This series introduces you to the Lightning Component Framework through a free online course by Salesforce University combined with a six part blog series written by Don Robins, a Salesforce MVP, Certified Advanced Developer and Certified Salesforce Instructor. Each post provides deeper insight and additional perspective around topics covered by each course module.
If you read our last post (the second in this series) and watched Module 2: Component Markup and Style of our online course Creating Lightning Components, you learned a bit about the component bundle, and the markup and style resources within a bundle where developers create the presentation for a component’s user interface. However, even the coolest looking component isn’t of much use if it doesn’t do anything. Beyond basic presentation functionality, the components you write will also likely need to manage your Salesforce data, as well as execute server-side actions and business processing. In Module 3: Binding to an Apex Method you’ll be introduced to how we add the logic necessary to fetch the data from Salesforce that will be displayed when a component first appears, as well as the principals of action processing.
Visualforce Logic Lives on the Server
Lightning Logic Lives on Both Client and Server
The Apex controller class must be specified in the markup of the Component resource in the Lightning Component bundle, and action methods and properties of that Apex class must be annotated with the
Actions and Events
Here’s a simplified sequence diagram to help visualize the basics of what’s happening when a user clicks on a button or link that requires the component to fire off some server-side Apex logic:
While actions can raise events, events are not always explicitly raised by actions. For example, consider when a component needs to do something, but that process is not explicitly activated by a user interacting with an HTML element in that same component.
In Lightning, we have the ability for certain events to be implicitly raised when something happens to the component itself. We depend on such events to invoke logic when initializing a component. For example, if we want our component to display data when it first appears, we need an event to activate logic to fetch data and set the view to display it.
Such load behavior is built into the Visualforce model, and we also have the ability to invoke custom behavior on load of a Visualforce page by utilizing the
action attribute on the
apex:page tag. Using that attribute, a Visualforce developer can bind the page to a server-side Apex controller method that will be invoked implicitly when the page first loads but before it is rendered in the browser.
Equivalent behavior in a Lightning Component is accomplished by registering an
init event is raised, and the controller’s event handler function is invoked. That handler function can then further invoke a server-side Apex action method to fetch some data, which is returned to the callback function in the client-side controller. Simply assigning returned data values to view elements causes the component’s display to refresh.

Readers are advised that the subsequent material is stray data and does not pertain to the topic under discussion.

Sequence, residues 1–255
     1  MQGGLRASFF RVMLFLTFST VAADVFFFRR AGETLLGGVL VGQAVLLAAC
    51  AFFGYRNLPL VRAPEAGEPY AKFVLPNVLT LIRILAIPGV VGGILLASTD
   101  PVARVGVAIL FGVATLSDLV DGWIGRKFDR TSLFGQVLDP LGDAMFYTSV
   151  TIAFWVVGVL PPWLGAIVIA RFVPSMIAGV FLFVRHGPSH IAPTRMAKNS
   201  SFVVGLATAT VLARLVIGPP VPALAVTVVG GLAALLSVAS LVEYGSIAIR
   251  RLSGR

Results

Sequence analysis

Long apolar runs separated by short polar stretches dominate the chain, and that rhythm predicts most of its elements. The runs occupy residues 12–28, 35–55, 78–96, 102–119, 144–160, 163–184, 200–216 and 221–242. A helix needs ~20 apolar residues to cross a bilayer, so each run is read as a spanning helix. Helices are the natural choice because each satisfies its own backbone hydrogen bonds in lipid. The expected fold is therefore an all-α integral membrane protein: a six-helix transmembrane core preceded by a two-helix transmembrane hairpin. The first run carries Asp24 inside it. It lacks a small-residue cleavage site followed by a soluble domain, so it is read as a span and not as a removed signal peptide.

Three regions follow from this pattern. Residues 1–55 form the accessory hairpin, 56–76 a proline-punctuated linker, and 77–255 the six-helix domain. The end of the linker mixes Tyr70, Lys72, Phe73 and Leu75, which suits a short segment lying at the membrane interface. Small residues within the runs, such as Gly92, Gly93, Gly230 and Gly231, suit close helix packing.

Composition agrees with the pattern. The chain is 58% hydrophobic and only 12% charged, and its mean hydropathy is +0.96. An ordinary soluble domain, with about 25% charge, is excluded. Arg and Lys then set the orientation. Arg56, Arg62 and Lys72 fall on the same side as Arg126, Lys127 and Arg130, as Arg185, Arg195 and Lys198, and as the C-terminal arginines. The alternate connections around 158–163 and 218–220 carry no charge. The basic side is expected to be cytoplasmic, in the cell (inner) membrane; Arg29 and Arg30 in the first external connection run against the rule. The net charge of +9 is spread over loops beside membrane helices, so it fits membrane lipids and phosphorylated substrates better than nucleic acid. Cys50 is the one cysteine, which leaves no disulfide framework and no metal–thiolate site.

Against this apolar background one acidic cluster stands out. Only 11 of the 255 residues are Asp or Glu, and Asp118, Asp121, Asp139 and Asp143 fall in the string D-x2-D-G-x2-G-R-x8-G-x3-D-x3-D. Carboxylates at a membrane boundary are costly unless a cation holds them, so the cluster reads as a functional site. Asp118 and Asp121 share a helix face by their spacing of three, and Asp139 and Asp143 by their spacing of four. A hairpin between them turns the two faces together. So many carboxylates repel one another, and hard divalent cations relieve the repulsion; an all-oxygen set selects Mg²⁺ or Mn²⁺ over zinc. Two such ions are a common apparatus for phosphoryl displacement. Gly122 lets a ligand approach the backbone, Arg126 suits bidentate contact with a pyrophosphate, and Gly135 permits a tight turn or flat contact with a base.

Here’s a slightly different sequence diagram to help visualize what’s happening when a user interacts with the app in some manner that causes a new instance of a component to load. For example, a component can be instantiated as a result of selecting a menu navigation item, or perhaps by clicking on a link in a list. The component would need to fire off some server-side Apex logic to fetch some data to display as it initializes.
The only difference to the prior example is that the registered
init event is raised implicitly when the component loads. That event calls the controller function, which in turn calls a helper function to queue an action that will result in the execution of a server-side Apex method to fetch and return data. In a subsequent post we’ll review in more detail how the Lightning Framework batches its calls to server-side actions resulting in less chatty and more efficient action processing.
Let’s Dig Back In
As you can see, there are more moving parts, all necessary for a component to be able to respond to both what happens in the client, as well as whatever happens server-side. Lightning Components provide the scaffolding and repeatable patterns that really help manage all of these moving parts. Once you get to know these patterns, they’re quite digestible, so go watch Module 3: Binding To Apex of Creating Lightning Components to see how it’s all done.
Creating Lightning Components: Single Page Applications (1 of 6)
Creating Lightning Components: The Bundle as Scaffolding (2 of 6)
Creating Lightning Components: Action Processing and Binding Data (3 of 6)
Creating Lightning Components: Component Based Architecture (4 of 6)
Creating Lightning Components: Events and Messaging (5 of 6)
Creating Lightning Components: Wrapping It Up (6 of 6)
About the Author
Don Robins is a Force.com MVP, Certified Advanced Developer and award winning Salesforce University Certified Instructor. Since 2010, he’s been delivering the core development curriculum to hundreds of customers in both public and private workshops for Salesforce University in the US and abroad. As an independent Training Delivery Partner through his company Forcementor.com, he leads and mentors a team of certified Salesforce instructors, curriculum developers and technical authors. He found his way onto the platform as a consultant and developer in 2009, after two decades of building custom business applications with a metadata, framework-based approach. Ever since, his primary focus has been to educate developers and the business community on Salesforce1 and to evangelize the platform.